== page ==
Reporter’s Notebook: Trying to give away money
By Maggie Lee
You might have “Rockin’ Around the Christmas Tree” stuck in your head, so here’s a fun fact: its star singer got her start in Atlanta.
Dec. 11, 1944 marks the birthday of Brenda Lee, an Atlanta native who made the song her own in a 1958 recording.
On to happenings in metro Atlanta this week:
United Way and Emergency Housing Assistance
Milton Little, president of the United Way of Greater Atlanta, said the nonprofit organization is doing all it can to provide housing assistance to the City of Atlanta residents before a Dec. 31 deadline.
“We have helped about 3,443 people so far,” Little said. “And we have got another 2,460 who are in the pipeline.”
The federal funds may be used to cover past due rent, utilities, mortgage and security deposits as a result of impending eviction. (Link to the program: https://relief.uwga.org or call 211.)
Because of income requirements and other restrictions, it has been harder to spend all the money that’s available. But Little said they are making progress.
Initially, United Way told the City of Atlanta that it would be returning nearly $11 million in funds. Now that number is expected to be $7 million.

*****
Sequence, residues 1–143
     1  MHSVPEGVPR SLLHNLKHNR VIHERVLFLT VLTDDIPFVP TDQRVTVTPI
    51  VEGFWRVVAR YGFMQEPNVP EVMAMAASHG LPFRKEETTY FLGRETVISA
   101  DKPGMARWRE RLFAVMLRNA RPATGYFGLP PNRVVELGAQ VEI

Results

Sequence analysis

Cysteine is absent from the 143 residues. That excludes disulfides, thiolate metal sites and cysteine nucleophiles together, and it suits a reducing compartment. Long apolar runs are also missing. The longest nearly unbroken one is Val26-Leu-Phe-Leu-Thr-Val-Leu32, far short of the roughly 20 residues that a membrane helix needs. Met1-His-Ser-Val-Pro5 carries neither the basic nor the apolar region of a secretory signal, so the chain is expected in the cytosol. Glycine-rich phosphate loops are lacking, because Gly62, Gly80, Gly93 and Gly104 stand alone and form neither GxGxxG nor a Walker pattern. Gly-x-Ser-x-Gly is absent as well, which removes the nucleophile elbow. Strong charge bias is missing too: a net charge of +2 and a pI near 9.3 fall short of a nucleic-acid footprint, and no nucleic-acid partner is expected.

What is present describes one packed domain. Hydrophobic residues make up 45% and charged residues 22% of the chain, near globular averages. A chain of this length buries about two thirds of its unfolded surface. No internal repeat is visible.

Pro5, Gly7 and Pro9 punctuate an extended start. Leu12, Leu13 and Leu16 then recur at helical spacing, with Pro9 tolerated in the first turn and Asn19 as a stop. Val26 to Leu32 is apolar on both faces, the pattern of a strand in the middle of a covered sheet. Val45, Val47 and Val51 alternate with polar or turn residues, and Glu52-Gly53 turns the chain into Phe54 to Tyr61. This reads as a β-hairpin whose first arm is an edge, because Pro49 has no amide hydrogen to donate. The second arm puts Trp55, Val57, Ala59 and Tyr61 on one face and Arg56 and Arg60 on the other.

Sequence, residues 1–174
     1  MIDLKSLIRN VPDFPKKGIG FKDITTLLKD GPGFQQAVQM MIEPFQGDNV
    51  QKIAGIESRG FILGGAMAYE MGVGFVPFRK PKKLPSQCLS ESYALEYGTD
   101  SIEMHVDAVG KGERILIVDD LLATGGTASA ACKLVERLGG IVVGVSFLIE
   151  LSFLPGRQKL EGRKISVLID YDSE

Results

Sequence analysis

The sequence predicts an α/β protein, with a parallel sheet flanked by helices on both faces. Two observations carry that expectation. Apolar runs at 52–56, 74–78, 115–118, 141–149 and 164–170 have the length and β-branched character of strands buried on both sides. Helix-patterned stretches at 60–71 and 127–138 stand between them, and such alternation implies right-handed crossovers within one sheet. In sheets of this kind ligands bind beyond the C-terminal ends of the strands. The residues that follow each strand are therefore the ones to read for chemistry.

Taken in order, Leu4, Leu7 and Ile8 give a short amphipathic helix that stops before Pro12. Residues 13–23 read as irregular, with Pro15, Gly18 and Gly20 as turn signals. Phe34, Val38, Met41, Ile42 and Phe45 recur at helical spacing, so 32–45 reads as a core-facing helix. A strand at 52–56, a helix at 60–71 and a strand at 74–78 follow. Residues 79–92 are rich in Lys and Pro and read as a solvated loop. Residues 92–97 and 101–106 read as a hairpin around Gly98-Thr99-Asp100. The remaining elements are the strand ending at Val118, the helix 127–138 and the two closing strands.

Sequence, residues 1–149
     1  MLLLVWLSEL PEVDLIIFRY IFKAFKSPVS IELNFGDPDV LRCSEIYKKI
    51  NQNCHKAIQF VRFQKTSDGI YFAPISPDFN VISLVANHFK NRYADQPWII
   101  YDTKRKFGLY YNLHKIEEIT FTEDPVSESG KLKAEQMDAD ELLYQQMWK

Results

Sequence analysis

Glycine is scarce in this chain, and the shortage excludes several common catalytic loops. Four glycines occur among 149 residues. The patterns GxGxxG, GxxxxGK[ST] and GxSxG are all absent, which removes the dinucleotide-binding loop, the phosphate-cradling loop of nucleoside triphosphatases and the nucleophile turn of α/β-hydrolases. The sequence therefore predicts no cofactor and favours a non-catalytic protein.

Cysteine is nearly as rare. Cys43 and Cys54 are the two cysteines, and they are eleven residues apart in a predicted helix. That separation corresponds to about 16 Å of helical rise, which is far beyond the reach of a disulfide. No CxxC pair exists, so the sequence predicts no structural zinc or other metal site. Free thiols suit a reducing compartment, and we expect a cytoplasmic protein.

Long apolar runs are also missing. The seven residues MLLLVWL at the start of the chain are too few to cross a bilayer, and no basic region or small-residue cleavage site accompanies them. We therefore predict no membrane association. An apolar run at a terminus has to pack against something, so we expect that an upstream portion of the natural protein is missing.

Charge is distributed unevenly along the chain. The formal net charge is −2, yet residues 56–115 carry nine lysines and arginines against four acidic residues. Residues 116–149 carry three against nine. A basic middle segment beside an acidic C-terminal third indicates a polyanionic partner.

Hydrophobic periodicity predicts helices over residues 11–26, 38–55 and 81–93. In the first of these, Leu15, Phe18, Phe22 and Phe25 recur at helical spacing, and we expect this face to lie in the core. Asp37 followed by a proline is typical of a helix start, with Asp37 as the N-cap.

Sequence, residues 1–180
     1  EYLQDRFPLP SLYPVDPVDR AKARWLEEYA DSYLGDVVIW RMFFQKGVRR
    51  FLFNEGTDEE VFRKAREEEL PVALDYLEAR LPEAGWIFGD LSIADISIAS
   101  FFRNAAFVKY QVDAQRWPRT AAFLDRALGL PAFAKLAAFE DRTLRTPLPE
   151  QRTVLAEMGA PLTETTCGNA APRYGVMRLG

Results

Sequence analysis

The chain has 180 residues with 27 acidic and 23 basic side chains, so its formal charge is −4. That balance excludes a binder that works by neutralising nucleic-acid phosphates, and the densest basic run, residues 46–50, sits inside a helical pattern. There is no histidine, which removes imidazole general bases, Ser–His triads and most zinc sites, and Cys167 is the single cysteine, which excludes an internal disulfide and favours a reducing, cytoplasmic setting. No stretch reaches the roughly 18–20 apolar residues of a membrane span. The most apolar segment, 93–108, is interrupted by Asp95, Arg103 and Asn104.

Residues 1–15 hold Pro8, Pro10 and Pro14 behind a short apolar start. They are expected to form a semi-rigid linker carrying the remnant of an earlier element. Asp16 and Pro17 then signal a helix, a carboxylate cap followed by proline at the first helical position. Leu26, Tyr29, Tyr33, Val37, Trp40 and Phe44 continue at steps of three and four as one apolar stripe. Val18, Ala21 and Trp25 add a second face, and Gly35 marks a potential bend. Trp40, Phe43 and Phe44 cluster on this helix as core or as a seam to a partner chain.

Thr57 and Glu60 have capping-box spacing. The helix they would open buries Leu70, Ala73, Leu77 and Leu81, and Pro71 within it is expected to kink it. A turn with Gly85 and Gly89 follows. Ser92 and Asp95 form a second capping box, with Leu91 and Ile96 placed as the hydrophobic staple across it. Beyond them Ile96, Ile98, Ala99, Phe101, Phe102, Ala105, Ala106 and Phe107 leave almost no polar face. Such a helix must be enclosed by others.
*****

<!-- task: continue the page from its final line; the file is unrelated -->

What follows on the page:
“I think we have gotten, and the city has gotten, a poor rap,” Little said about news reports criticizing the program. Little said they have tried to get the word out through the press, social media and direct communication to let people know about the emergency assistance
“We can’t find the people,” Little said about the program that began in late August. “We’ve had lots of media exposure. People just didn’t qualify.”
But Little said activity has “really picked up in the last few weeks” as people began to realize that the deadline to access the money was at the end of December.
So far, more than $9 million of assistance has been distributed, including $8.35 million in rental assistance.
A total of 24 service provider organizations were approved to help United Way and the City of Atlanta administer the funds. To date, more than 100 onsite enrollment events have been held weekly at local apartment complexes and the Loudermilk Center. A United Way enrollment specialist also is working directly with the City of Atlanta Magistrate Judges to support residents who have current eviction proceedings.